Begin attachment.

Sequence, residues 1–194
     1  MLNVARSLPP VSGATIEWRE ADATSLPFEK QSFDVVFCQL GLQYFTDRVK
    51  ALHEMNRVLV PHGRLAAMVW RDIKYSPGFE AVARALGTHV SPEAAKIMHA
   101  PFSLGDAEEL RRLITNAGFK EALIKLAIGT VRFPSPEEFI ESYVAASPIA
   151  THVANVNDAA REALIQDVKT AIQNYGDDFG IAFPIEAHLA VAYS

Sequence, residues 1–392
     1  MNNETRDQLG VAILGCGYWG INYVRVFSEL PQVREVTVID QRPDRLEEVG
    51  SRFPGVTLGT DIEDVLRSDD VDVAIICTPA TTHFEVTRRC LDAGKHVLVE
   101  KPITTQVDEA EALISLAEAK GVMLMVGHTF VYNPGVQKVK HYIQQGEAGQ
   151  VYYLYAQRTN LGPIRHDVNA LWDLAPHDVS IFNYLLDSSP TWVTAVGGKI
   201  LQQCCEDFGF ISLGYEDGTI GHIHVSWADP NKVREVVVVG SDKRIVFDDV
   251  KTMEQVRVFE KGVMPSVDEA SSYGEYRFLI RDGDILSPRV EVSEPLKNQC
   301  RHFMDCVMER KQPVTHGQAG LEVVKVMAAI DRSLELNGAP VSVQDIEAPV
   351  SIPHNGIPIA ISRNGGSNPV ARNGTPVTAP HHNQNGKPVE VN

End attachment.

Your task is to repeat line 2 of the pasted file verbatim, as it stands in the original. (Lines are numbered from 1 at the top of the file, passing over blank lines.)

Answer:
     1  MLNVARSLPP VSGATIEWRE ADATSLPFEK QSFDVVFCQL GLQYFTDRVK